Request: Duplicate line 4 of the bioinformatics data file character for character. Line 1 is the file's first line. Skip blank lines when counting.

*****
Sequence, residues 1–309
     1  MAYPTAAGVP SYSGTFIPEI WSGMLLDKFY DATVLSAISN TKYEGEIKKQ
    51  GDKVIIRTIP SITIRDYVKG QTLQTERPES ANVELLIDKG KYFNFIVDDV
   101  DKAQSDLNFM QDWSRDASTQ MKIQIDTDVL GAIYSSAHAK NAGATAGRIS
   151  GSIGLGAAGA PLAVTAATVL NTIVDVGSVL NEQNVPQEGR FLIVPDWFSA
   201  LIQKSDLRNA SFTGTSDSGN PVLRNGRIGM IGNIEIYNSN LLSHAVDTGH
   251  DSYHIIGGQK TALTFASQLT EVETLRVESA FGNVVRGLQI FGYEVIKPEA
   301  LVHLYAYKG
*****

   101  DKAQSDLNFM QDWSRDASTQ MKIQIDTDVL GAIYSSAHAK NAGATAGRIS